The event sponsors and several individuals donated funds which offset all costs.  In addition, thirteen local businesses and individuals donated items, ranging from original works of art to a guided kayak tour, for a silent auction which raised over $2,000 for the FWLL initiative.

Requests to attend this free event reached maximum capacity (225) within a week following its announcement.  Unfortunately, more than a hundred late responders had to be told “sorry the event is sold out.”  As attendees enjoyed beverages and appetizers provided by Bok Tower, they viewed and bid on items in the silent auction, and networked with people from different organizations and discovered much common ground.

Following welcomes to the event by Bok Tower president, David Price, and FWF director and event organizer, Bob Taylor, Senator Rick Dantzler summarized the need for Florida’s Water and Land Legacy Initiative and told the audience how they could help make it a reality  The subsequent presentation by trekkers Stoltzfus and Ward was informative and well received. As the evening drew to a close David Price reflected that bringing these diverse groups together for a common goal proved to be a successful concept and that we should make occasions like this an annual event.

Although a planning committee had spent the last three months organizing this event, everyone agrees that Florida Wildlife Director and Sierra member, Bob Taylor, was the driving force. Congratulations and many thanks to Bob.

Frances Howell-Coleman

Follow this link to find out more about Florida Water and Land Legacy Initiative and how you can help! http://floridawaterlandlegacy.org/index.php

Bob Taylor

Elam Stoltzfus and Carlton Ward

Bok Tower Gardens President, David Price

Senator Rick Dantzler

Tallahassee Native Daniel Alvarez Paddles 4,000 Miles

By Danny Gwynn-Shapiro

With 3,000 miles under his belt, Daniel Alvarez stopped in his home town of Tallahassee for a brief respite, before setting off to continue another 1,000 miles along the Gulf Coast to Key West and the southernmost point in continental United States. What was his starting point? The Boundary Waters in Minnesota at the Canadian border, the northernmost point in the continental United States. His journey has taken him portaging and paddling, guided by an old fur trading rout not used for 200 years, down into Lake Superior, along its borders to the Mississippi, down the Mississippi to the Gulf and along the Gulf to the Florida panhandle.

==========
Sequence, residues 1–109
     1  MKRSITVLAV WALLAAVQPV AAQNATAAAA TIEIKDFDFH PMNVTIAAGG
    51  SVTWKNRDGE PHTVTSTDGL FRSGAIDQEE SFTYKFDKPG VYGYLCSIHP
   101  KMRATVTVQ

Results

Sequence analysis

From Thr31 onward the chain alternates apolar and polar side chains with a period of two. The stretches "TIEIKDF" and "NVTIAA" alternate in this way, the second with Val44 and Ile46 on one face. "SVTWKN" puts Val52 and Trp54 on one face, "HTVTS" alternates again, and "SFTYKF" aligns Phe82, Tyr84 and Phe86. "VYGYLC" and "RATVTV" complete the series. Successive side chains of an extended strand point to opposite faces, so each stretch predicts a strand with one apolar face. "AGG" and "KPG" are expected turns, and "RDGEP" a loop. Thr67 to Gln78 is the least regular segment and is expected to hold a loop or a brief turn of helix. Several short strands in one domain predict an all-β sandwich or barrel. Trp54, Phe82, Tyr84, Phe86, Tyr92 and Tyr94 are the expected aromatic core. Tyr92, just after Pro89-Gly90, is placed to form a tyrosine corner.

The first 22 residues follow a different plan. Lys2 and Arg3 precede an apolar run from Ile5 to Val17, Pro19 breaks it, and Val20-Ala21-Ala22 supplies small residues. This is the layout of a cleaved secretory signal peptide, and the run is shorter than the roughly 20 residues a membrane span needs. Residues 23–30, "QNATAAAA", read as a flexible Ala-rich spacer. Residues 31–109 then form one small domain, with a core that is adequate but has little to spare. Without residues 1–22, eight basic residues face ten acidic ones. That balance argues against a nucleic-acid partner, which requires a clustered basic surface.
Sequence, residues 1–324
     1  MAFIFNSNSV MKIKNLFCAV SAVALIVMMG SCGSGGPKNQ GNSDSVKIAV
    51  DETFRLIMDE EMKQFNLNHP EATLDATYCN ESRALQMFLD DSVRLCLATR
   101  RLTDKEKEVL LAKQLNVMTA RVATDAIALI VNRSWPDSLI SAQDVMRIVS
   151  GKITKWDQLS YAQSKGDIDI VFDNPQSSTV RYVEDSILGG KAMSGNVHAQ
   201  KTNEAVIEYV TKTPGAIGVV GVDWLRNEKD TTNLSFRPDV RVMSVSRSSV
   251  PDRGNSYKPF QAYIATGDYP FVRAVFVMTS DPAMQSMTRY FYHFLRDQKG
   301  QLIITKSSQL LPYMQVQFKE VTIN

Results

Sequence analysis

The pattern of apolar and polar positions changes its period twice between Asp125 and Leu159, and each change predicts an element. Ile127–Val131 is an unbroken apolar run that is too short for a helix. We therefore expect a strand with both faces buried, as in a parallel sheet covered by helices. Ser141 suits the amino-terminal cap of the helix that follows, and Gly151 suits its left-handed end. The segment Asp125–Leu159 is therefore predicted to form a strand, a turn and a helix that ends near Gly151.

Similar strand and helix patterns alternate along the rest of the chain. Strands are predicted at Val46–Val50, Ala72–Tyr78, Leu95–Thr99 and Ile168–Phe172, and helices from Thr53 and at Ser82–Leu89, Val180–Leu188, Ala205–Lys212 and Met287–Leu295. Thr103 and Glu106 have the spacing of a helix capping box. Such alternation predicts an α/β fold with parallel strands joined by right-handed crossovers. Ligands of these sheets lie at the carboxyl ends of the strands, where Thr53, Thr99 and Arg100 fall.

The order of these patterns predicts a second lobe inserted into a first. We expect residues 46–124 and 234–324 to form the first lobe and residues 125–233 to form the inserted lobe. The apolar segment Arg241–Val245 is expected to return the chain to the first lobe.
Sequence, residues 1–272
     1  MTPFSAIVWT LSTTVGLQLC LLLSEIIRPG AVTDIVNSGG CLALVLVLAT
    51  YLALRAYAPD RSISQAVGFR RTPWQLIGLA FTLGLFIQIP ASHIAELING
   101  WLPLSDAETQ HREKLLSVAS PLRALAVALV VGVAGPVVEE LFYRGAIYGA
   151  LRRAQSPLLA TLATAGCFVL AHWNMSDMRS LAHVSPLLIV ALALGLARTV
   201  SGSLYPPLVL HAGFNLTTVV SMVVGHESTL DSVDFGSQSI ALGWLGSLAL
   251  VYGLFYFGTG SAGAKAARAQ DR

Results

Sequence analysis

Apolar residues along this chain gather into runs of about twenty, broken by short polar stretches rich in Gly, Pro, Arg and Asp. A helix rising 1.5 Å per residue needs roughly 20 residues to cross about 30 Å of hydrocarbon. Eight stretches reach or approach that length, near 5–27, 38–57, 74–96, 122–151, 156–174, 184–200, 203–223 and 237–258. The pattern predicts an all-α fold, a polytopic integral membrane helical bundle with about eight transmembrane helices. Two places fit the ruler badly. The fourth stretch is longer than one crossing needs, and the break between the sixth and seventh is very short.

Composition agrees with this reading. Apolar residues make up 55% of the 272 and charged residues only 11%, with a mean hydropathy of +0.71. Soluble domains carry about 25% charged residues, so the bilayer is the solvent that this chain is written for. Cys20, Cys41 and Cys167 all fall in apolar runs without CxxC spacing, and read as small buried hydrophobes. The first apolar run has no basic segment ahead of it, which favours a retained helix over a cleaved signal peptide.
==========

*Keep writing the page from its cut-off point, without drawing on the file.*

As part of his Tallahassee stop, Daniel gave a talk to family, friends, supporters and interested community members on January 21st. He provided insight into his trip so far, flushed-out stories from his excellent blog (http://predictablylost.com/), answered questions and showed off his kayak.

Beyond the thrill of adventure and the challenge of testing himself, Daniel discussed his goals of raising awareness about public spaces and the vastness still able to be explored and enjoyed. He remarked on the unique perspective that comes with seeing the landscape change by paddling, something that is often lost when we fly or drive. With his trip, Daniel has aimed to “highlight the victories, losses and ongoing battles” being fought to protect these invaluable areas.

Daniel has put his money where his mouth is, donating funds he won from a contest by Outdoor Magazine to four conservation organizations (Friends of the Boundary Waters Wilderness, American Rivers, Gulf Restoration Network and the Florida Wildlife Federation) that work to protect stretches of his paddle. We are hugely appreciative of his gift.

Daniel’s parting words where that “everyone should take a moment to think about an adventure they want to do, then go do it. Don’t wait around for it to happen, just go!” We can only hope people follow in his lead, for then our wild spaces would be truly appreciated by all. 

 

Daniel Alvarez on January 21, in Tallahassee

Daniel Alvarez on January 21, in Tallahassee

 

Daniel’s kayak was donated by Necky Kayaks

Daniel’s kayak was donated by Necky Kayaks